Did you miss me? No, don’t tell me, it’s probably better for both of us, if I don’t know. I have been at my friends’ house in East Cork for the week bonding with my children. No television and no computer. It was surprisingly pleasant. And the good news is that I have prepared for you a blow by blow description of our trip. Go on, admit it, you’re delighted.
We drove to Cork in the morning. I know I am becoming somewhat tedious on the subject of the new road to Cork but as a child I spent a minimum of 6 hours on the road to Dublin with my parents and now it can easily be done door to door in three hours. So we were able to have lunch in my parents’ house and then spend the afternoon in Garryvoe. Quite amazing.
On the road from Cork to Garryvoe there is a lake with swans. Mr. Waffle said to the children, “Regardez, des cynges!” “What kind of signs?” asked Daniel. I’m not at all sure this French lark is going as well as I hoped it would. “Is signes not the French for signs?” I asked. “No,” he said, “road signs are panneaux.” The French, they torture me because they can.
The children were delighted to see the beach and promptly flung themselves into the water fully dressed. Fortunately, our friends’ house is right beside the beach and we were able to drip home without suffering from hypothermia.
That evening, I taught herself how to make breakfast for her brothers in the hope that this might allow me to stay in bed a little longer. This was only moderately successful as the excitement her task generated meant that she was bouncing around until 11.30 that night and up again at 6.30 asking anxiously whether it was time to make breakfast.
Meanwhile, Daniel had gone into our bedroom to be alone. When we went up to bed we discovered that he had put to good use the key to the door and locked himself in. We began by whispering and ended by shouting and banging the door but he slept on oblivious. The Princess giggled hysterically and her father became rather annoyed and took himself off to Daniel’s bed. Using my Enid Blyton lore I stuck a piece of paper under the door and wiggled the key in the lock with a corkscrew. The key landed with a thud. Unfortunately, even, if it had landed on the paper (which it did not) it was too wide to fit under the door. Fortunately, every room in our friends’ house had a key and all of the locks turned out to be the same so all was well. The next day, we put all the keys on top of the doors.
Mr. Waffle got the train back to Dublin at lunch time and after dropping him to the station in Cork, the children and I visited my parents. I visited a cousin in hospital and we then retired to our East Cork fastness and out to the beach. The Princess was, by now, on Harry Potter book 5 and she went to bed with it. I was summoned to her room at 11 to look for Voldemort under the covers. She came to sleep with me.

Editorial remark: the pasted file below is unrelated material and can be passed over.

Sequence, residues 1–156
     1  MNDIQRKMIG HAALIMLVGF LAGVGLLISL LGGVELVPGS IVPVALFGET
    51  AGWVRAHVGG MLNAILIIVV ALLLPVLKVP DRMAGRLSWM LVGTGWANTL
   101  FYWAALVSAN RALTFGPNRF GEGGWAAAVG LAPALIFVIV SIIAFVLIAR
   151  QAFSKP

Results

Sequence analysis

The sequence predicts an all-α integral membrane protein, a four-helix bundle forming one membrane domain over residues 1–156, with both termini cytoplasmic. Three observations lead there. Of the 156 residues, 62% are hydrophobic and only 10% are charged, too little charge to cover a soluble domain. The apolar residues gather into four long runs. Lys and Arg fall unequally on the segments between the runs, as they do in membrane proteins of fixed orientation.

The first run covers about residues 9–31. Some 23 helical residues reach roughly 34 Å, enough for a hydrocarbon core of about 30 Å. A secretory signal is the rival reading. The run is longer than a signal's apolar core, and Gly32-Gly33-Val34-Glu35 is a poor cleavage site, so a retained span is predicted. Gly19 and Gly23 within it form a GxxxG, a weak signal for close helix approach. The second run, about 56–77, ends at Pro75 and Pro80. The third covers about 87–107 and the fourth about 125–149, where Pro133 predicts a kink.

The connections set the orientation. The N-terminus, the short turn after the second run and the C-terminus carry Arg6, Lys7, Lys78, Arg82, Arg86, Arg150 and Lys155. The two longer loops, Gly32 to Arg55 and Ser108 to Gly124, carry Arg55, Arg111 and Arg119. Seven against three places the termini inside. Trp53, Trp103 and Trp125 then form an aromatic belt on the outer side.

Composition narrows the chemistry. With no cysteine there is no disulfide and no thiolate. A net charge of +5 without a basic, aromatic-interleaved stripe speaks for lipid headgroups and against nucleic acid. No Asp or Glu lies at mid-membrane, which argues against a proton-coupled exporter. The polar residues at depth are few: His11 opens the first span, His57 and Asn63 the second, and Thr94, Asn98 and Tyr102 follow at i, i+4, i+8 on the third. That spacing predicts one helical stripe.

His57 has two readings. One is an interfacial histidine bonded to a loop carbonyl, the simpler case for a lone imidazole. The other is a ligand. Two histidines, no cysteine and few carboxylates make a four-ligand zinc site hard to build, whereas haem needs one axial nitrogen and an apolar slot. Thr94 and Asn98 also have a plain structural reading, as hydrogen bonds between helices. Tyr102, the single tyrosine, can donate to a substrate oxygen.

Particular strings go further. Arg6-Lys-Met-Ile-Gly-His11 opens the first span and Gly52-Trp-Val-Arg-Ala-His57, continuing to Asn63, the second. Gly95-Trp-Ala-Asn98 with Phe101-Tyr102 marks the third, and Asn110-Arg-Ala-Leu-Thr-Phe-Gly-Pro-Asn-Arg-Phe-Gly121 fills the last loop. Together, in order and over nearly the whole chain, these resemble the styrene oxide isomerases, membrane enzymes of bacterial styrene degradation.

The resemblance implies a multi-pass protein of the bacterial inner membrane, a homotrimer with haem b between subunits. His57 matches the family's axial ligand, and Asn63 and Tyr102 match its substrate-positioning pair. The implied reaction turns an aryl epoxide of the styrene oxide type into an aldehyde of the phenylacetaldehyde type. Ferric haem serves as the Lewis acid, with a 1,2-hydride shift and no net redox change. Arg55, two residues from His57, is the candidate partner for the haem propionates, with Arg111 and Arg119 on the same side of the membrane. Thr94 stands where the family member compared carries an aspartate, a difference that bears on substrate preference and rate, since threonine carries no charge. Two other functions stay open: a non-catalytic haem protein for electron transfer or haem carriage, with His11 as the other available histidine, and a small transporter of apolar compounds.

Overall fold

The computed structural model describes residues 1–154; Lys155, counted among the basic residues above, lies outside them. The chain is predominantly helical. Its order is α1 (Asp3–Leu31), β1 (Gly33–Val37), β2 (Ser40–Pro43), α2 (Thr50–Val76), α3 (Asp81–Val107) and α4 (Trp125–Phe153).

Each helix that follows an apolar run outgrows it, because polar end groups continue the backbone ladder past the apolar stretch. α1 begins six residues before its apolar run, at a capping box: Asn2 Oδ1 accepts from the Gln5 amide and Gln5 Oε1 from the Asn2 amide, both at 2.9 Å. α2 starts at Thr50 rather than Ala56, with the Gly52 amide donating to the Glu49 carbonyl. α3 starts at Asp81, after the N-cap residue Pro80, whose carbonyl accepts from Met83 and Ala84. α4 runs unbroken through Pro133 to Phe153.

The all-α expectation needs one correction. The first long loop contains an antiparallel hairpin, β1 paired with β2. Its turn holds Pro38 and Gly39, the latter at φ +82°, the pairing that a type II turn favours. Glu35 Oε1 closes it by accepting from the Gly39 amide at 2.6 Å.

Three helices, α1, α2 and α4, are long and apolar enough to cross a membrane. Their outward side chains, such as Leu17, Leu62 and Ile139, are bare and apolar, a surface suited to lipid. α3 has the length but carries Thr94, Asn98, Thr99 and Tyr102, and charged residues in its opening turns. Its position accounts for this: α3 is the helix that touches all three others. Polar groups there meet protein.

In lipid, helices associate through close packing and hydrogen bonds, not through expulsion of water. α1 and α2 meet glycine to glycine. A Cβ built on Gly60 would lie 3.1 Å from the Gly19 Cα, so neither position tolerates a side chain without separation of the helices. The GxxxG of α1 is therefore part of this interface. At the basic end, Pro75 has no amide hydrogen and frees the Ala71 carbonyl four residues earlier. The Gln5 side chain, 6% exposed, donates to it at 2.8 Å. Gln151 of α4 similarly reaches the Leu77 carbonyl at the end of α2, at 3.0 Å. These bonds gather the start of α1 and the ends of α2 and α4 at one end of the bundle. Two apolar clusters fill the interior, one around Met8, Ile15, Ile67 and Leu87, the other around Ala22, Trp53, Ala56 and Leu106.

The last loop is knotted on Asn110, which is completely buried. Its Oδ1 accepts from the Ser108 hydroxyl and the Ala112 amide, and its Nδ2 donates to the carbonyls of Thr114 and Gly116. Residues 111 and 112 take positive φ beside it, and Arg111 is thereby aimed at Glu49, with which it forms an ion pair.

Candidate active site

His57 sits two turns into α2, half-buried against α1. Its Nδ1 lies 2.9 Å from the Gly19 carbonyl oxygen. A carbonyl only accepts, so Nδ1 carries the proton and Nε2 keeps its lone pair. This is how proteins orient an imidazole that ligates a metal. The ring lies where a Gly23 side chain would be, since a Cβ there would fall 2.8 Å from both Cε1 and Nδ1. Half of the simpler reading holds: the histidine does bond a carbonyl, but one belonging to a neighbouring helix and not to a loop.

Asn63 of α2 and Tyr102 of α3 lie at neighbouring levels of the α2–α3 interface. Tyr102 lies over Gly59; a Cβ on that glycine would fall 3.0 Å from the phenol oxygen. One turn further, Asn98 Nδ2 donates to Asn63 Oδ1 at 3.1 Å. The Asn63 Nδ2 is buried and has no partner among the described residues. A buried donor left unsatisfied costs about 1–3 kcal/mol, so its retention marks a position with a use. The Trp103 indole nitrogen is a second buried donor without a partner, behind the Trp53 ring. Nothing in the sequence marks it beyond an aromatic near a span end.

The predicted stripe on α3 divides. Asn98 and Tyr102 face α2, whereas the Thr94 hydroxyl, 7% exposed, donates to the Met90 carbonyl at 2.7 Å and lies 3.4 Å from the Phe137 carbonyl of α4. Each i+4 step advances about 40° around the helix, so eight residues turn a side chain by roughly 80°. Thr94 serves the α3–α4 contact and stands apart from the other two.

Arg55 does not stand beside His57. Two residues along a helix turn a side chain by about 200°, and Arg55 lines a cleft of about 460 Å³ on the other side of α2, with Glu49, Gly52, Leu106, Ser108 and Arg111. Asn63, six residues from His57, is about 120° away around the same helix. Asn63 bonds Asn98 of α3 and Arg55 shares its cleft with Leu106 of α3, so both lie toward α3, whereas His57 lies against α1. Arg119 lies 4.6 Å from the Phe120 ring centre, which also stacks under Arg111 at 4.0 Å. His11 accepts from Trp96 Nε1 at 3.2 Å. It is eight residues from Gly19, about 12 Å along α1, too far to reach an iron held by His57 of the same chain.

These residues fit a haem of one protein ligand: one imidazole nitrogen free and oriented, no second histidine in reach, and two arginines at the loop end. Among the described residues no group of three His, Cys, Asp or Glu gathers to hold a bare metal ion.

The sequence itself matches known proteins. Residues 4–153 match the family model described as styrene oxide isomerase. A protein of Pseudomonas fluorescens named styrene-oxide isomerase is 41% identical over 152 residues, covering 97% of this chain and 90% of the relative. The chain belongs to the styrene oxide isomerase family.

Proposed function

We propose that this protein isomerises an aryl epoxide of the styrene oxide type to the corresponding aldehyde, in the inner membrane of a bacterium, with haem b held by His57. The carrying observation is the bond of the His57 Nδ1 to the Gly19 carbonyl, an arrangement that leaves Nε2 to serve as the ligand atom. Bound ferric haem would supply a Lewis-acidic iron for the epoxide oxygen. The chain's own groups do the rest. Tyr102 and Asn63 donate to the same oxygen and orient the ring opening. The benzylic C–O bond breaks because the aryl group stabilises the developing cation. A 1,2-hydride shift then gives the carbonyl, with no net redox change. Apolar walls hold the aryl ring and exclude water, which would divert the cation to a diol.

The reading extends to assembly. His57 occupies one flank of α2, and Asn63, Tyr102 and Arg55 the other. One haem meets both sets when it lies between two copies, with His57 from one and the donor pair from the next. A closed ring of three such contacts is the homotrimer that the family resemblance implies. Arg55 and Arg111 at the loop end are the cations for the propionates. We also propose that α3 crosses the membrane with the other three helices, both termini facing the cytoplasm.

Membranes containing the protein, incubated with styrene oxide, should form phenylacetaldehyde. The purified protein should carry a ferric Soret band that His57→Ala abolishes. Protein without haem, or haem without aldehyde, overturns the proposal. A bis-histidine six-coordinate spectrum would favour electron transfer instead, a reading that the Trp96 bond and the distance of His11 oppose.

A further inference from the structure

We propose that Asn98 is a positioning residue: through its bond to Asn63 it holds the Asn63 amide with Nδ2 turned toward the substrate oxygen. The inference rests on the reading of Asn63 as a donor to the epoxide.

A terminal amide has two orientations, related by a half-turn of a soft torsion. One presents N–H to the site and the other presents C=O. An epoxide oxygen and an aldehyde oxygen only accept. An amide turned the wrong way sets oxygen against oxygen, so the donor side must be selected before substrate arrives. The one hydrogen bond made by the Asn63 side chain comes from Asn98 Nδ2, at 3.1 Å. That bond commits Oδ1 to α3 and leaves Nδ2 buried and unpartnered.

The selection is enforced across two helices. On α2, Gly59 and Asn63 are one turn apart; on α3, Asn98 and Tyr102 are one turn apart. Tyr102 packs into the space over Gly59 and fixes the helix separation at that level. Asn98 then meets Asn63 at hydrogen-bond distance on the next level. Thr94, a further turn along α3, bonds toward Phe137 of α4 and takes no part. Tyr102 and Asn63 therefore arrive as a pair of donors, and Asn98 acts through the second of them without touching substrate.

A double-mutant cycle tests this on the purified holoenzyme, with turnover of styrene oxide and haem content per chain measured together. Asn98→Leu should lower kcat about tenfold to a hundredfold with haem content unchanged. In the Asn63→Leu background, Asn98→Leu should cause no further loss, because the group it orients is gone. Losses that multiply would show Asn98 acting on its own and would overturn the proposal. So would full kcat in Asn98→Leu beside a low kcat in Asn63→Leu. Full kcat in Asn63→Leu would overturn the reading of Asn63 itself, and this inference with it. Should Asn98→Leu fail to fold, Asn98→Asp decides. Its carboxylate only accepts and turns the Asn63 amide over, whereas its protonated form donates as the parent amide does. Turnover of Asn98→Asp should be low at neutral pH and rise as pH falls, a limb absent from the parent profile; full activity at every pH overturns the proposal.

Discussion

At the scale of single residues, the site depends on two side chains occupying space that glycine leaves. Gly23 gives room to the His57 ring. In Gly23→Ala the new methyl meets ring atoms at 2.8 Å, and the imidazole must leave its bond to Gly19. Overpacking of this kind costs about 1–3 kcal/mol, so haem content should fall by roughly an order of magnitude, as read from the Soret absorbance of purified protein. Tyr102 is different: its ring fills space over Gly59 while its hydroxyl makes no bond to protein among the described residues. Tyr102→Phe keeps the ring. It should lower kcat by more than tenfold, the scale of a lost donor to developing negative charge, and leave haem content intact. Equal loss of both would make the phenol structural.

I realised that part of the reason I am never normally cross with the children is that Mr. Waffle does it for me.
My plan for the day is that we will go to the beach until 11 and then on to the fleshpots of Leahy’s fun farm. A plan calculated to bring joy to the hearts of small children one would think. But no.
We have a very frustrating morning. It is a beautiful day and I try, unavailingly, to persuade the children to come to the beach. No, no, they want to stay at the house. The Princess has started on HP book 6. At 10.30, they fancy a snack. I lure them outside by promising to buy them ice cream in the shop. I plan to make it a brief stop on the way to the farm. We go to the shop. Do they have to have ice cream? I suppose not. The Princess fills a bag with what I used to call “penny sweets”, I’m not quite sure what they are now, cents sweets? I make her put half of them back. She is unhappy. We buy buckets (for reasons which are unclear we appear to have packed only one leaking bucket from the sample of hundreds available at home) and a spade (one of our three has been carried away by the tide). I end up spending 17 euros on what was a trip out for an ice cream. No one says thank you. I am unhappy. General peevishness.
It is not yet time to go to the fun farm according to my, suddenly dictatorial, timetable. We go to the playground near the beach. The weather is uncharacteristically warm and sunny. I mop up ice cream. I apply sun cream. I discover, to my horror, there is only enough in the bottle to cover two children. I suggest that we go to the shop to buy more. Nobody will come with me. I consider leaving them and nipping across to the shop on my own. I decide that I can’t, the boys are only 4, after all and herself is really too small to mind them. I sit in blazing sunshine and pray for rain. It does not rain. I try to assert myself again and fail. Michael (the un sunblocked child) assures me that he will not burn. This is unconvincing as his skin is lily white and he cannot prevent sunburn by will power alone.